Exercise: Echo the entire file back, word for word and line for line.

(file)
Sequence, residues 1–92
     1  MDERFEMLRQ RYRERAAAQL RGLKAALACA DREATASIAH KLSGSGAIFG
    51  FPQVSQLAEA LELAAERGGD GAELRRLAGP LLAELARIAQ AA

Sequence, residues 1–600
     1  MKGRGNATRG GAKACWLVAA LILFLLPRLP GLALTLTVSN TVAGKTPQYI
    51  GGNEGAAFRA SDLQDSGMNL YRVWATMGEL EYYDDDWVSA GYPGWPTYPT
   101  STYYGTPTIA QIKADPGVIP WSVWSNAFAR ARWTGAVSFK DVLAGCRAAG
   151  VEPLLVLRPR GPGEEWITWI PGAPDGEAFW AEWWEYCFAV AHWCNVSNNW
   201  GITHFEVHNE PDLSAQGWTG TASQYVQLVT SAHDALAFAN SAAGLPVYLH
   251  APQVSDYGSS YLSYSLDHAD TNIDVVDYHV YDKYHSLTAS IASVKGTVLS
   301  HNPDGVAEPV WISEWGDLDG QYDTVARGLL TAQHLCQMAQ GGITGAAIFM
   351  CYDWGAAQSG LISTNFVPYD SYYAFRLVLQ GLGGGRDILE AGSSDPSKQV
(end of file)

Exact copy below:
Sequence, residues 1–92
     1  MDERFEMLRQ RYRERAAAQL RGLKAALACA DREATASIAH KLSGSGAIFG
    51  FPQVSQLAEA LELAAERGGD GAELRRLAGP LLAELARIAQ AA

Sequence, residues 1–600
     1  MKGRGNATRG GAKACWLVAA LILFLLPRLP GLALTLTVSN TVAGKTPQYI
    51  GGNEGAAFRA SDLQDSGMNL YRVWATMGEL EYYDDDWVSA GYPGWPTYPT
   101  STYYGTPTIA QIKADPGVIP WSVWSNAFAR ARWTGAVSFK DVLAGCRAAG
   151  VEPLLVLRPR GPGEEWITWI PGAPDGEAFW AEWWEYCFAV AHWCNVSNNW
   201  GITHFEVHNE PDLSAQGWTG TASQYVQLVT SAHDALAFAN SAAGLPVYLH
   251  APQVSDYGSS YLSYSLDHAD TNIDVVDYHV YDKYHSLTAS IASVKGTVLS
   301  HNPDGVAEPV WISEWGDLDG QYDTVARGLL TAQHLCQMAQ GGITGAAIFM
   351  CYDWGAAQSG LISTNFVPYD SYYAFRLVLQ GLGGGRDILE AGSSDPSKQV